From Seed to Lawn: Part 3

By Jaime Staufenbeil - Milorganite Agronomist
August 18, 2018

The Adventures of One Homeowner
Experiences and lessons learned from starting a new lawn from seed


I had problems installing my new lawn last September. Just after it was seeded, temperatures rose to the low 90s. That’s not supposed to happen in Wisconsin! We had to stay on top of a rigorous watering schedule to get it to germinate and stay alive.

watering a new lawn with sprinkler

Then we were thrust into winter. Brutal. That’s about the best way I can describe this past winter and spring. We missed the repeated Nor’easters that hit the East Coast, but our winter certainly wasn’t milder—more snow than usual, as well as extreme, unexpected temperature fluctuations. This wasn’t the average winter weather I had hoped for. My newly seeded lawn clung on to survive. It certainly didn’t thrive.

lawn covered in snow

We had a decent amount of rain this spring, which infiltrated the soil and warmed it up, then we’d get hit with more snow! It happened over and over again.

All of this lead to ideal conditions, not for the lawn, but for winter-related lawn problems. I guess I wouldn’t have much to talk about had it been a typical winter. (Is that the bright side?)

The weather nightmare has finally ended.

Establishing a lawn by seed is going to take more than one season. I’ll tell you right off, you’re not going to seed a new lawn in fall and wake up some spring morning to a thick, green lawn. It’s simply not going to happen. Plan on overseeding in both spring and fall over the next 2–3 years.

Shade and Dog Spot

Anyplace that had prolonged periods of shade, which prevented snow from melting, the grass is dead. Wherever there’s dog spot—the brown patches caused by dog urine—the lawn was also killed. These areas will need to be repaired by raking and overseeding.

dog spots in the lawn

(dog spots in the lawn)


The crazy winter and spring weather created the perfect conditions for lawn diseases: snow cover; wet soil; and/or deep snow cover on the non-frozen ground. Yup, we had them all. There was some grey snow mold, but the lawn grew out of it quickly, which is typical for home lawns. 

You can help reduce the impact of grey snow mold by distributing large piles of snow and gently raking the area to help it dry out. Applying excess nitrogen in fall can also encourage gray mold. Use a slow-release, low-nitrogen, fertilizer, such as Milorganite, for fall dormant feeding.

snow mold lawn disease

(grey snow mold)


My goal is to thicken-up the lawn with regular overseeding. Spring and fall are both good times to overseed. It helps to improve the density and color of the lawn and, in my case, fill bare patches.

You’ll definitely want to start your new lawn using more than one species of grass. We used a mix of Kentucky bluegrass and ryegrass. This spring I discovered there is a lot of light-green ryegrass with patches or stripes of bluegrass. The lawn isn’t uniform yet and that’s okay, I didn’t expect it to be. It’s possible that the bluegrass didn’t take as well because of the unusually hot temperatures last fall. It could also be that we failed to stay on top of watering, despite our extraordinary efforts. I’m using a bluegrass blend when overseeding to get the overall color I want.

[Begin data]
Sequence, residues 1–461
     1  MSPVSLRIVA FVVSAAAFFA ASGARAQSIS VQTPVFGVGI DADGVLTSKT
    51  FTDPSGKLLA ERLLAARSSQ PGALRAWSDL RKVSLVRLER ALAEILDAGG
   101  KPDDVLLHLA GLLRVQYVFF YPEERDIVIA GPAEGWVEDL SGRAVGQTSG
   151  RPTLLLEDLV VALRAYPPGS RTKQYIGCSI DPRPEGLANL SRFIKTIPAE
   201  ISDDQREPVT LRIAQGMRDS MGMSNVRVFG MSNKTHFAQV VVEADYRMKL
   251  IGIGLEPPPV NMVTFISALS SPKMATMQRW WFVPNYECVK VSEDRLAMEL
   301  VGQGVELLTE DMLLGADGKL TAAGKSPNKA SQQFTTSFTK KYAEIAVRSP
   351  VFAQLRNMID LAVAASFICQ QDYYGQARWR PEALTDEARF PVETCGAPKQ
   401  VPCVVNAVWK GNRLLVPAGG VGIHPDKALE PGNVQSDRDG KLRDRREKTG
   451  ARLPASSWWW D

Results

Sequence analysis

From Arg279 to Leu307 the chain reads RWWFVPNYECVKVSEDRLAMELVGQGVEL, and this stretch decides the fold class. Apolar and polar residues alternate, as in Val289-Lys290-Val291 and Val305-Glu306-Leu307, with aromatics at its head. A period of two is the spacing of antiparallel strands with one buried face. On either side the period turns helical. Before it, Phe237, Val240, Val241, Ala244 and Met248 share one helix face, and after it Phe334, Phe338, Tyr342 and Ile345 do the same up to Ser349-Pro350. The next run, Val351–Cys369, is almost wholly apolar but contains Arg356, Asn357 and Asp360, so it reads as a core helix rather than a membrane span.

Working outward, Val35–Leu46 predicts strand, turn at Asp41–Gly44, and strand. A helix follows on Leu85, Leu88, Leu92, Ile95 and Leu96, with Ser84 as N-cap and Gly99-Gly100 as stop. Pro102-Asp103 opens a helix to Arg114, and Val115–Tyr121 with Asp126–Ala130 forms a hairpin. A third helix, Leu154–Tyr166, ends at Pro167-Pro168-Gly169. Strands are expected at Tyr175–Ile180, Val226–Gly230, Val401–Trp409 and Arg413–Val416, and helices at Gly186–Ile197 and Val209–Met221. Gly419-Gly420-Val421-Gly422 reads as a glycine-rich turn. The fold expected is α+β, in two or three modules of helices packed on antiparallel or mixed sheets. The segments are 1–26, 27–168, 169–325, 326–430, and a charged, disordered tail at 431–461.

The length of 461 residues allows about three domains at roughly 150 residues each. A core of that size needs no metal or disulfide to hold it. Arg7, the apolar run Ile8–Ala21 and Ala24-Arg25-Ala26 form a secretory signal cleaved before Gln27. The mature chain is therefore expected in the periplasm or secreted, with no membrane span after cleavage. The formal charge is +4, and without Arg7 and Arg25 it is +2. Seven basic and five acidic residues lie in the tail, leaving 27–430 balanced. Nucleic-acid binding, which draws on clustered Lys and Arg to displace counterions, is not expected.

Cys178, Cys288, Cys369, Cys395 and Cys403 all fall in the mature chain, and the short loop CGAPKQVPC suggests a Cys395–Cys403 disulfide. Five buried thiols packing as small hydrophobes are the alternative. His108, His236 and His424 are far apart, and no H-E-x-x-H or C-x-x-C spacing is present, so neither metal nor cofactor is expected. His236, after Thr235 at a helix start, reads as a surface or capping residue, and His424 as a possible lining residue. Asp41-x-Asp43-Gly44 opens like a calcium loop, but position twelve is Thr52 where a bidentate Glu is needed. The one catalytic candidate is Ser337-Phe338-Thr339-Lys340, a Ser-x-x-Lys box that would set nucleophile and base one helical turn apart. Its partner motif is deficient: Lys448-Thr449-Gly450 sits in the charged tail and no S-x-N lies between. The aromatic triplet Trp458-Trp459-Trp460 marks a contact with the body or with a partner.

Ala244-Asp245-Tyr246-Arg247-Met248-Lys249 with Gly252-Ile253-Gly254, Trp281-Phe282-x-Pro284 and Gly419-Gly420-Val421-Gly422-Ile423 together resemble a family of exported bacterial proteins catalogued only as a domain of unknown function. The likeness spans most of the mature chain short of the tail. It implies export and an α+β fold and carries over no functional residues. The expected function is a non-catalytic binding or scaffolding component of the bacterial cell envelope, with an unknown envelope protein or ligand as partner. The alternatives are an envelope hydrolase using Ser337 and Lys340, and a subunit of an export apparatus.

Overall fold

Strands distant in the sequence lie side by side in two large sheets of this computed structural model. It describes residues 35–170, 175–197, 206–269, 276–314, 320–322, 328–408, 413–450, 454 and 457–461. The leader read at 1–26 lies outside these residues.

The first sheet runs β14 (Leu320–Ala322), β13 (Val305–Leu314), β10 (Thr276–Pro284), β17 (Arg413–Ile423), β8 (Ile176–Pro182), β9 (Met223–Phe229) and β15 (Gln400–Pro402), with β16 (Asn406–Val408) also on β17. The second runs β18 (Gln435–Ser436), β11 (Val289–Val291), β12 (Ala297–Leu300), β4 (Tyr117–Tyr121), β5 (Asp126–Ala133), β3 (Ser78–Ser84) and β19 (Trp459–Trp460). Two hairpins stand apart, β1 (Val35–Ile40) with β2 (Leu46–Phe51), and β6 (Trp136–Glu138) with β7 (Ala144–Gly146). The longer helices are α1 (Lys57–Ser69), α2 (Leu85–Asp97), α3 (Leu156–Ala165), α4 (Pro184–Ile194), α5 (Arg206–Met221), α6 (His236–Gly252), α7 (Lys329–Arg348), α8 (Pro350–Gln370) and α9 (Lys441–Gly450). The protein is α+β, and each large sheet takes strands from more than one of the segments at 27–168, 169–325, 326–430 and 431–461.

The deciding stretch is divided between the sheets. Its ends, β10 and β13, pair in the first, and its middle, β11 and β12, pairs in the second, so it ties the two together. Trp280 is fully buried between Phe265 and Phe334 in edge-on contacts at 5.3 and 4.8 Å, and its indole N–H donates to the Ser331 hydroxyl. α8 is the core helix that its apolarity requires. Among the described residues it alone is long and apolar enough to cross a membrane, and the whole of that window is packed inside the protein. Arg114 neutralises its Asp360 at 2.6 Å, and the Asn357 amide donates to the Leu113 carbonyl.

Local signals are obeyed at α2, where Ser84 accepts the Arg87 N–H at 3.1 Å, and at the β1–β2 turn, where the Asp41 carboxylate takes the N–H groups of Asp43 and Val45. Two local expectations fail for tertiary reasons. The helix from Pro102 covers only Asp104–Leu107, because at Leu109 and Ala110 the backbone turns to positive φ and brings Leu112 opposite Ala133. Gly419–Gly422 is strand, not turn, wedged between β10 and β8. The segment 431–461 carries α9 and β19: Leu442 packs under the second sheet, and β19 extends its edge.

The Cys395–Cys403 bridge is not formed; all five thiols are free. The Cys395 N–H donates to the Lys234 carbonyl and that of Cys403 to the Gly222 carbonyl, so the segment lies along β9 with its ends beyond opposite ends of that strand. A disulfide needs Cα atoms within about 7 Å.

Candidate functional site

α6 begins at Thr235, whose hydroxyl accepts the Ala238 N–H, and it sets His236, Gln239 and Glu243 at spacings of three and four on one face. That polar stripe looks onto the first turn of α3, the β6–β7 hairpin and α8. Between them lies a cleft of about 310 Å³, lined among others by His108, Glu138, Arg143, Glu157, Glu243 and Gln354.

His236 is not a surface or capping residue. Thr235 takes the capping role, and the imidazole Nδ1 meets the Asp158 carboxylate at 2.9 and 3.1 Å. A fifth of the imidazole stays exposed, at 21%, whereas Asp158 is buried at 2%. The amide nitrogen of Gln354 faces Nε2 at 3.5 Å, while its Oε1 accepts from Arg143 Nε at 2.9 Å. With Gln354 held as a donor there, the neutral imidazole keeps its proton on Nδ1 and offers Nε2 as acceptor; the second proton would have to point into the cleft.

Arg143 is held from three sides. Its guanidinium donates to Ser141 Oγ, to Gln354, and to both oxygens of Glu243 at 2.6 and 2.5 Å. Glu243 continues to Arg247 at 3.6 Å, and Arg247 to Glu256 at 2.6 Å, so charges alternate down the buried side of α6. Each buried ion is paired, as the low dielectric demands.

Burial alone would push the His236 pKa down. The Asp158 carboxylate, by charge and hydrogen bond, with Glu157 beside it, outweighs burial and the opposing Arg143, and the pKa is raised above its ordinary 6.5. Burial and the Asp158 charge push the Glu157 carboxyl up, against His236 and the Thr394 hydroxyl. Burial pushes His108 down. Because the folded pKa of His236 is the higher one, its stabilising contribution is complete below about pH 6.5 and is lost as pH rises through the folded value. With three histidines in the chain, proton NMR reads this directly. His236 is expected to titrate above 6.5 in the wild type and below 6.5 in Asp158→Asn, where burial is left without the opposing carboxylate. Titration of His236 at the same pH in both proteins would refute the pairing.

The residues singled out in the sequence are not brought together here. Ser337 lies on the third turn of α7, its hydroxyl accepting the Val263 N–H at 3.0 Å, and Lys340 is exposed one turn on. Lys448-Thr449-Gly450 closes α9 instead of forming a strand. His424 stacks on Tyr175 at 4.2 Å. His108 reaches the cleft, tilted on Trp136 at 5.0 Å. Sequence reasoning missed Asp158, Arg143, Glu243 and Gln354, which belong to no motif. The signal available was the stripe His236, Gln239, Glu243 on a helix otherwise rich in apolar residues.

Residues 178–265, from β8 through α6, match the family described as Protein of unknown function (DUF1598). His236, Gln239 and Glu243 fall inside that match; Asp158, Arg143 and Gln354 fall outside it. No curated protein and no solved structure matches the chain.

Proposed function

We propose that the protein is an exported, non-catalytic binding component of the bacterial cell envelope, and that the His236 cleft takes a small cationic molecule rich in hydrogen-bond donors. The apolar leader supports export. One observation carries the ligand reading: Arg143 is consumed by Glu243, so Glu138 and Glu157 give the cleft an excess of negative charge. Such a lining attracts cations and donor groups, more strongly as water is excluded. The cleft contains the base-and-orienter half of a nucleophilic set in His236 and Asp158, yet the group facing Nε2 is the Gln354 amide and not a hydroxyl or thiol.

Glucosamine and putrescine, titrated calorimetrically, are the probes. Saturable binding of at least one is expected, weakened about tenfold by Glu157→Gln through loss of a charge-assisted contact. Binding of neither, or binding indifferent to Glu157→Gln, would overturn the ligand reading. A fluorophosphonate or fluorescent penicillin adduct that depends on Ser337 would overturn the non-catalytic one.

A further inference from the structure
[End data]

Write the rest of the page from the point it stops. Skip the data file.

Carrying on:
Milorganite fertilizer and grass seed in a spreader

To overseed, by weight, mix four parts Milorganite with one part grass seed that’s right for your climate and distribute using a spreader. You’ll be better able to see where you’re your seeding and it’s a safe fertilizer for newly seeded lawns. It won’t burn new shoots or provide too much nitrogen, which encourages top growth at the expense of the roots.


Plan on overseeding for a few years. It not only creates a thicker lawn with consistent color, it’s also the best method of weed control. A thinner lawn and bare spots mean weeds have great places to establish themselves—and they will. My lawn doesn’t have too many weeds right now, but the longer I wait to overseed, I’m sure I’ll see more.

I don’t recommend using an herbicide on the entire lawn to kill weeds, because periodically you’re going to overseed and the herbicide may kill newly germinated grass seed. If you do use an herbicide, you’ll need to wait 4–5 weeks before overseeding. Removing weeds by hand is the best method of getting rid of them, which is what I’ve been doing. Right now, I’m only spot spraying herbicide on the thistles.

Although I typically don’t use herbicides on my entire lawn, I plan to this fall. We have a lot of crabgrass, which was likely mixed in with the grass seed. Another issue, especially in a new residential development, is empty lots, and we have one next door. The weeds flourish and will make their way to our lawn. It’ll be less of a problem when all of the lots are developed. I’m not a fan of weed killers, but in this circumstance, I just want the lawn to fill in and get off to a good start. In time, I’ll get back to only popping out weeds by hand.


Newly spread soil is going to settle and it did. I now have a few low-lying areas that need to be brought up to grade. I’ll topdress the low-lying areas using a mixture of Milorganite, seed, and topsoil, and rake it level.

topdressing the lawn with soil

It’s the first spring for my lawn. It looks really good from a distance, but when you look closely, it looks “thin-ish,” which I expected. A newly seeded lawn won’t be lush in just one season. Keep up with overseeding with a grass seed mix that’s best for your area and for how you plan on using your lawn.

I continue to be obsessed with my new lawn.

Part 1 - Budget, Timing, Rough Grade, Seed vs Sod

Part 2 - Final Grade, Topsoil, Seeding, Fertilizing, Watering

Part 3 - Dog spot, Disease, Overseeding, Weeds, Settling